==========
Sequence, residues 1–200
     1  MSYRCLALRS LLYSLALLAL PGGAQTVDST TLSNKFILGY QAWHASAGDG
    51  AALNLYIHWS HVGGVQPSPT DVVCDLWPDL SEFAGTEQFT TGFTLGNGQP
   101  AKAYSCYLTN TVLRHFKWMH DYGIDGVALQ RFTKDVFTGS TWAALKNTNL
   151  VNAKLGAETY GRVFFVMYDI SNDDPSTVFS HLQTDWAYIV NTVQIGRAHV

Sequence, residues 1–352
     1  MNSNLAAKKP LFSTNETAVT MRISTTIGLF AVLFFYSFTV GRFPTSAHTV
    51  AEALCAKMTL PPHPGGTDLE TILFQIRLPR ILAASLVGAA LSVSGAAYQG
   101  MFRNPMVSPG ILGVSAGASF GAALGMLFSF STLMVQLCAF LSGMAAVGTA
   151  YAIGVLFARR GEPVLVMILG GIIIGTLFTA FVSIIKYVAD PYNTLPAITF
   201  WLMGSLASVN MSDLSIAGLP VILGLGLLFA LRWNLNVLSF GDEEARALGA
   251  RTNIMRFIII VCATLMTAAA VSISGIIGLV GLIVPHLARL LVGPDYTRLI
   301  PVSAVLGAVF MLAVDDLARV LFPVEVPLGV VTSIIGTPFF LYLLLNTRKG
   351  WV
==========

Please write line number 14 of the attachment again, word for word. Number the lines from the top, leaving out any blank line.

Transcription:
   351  WV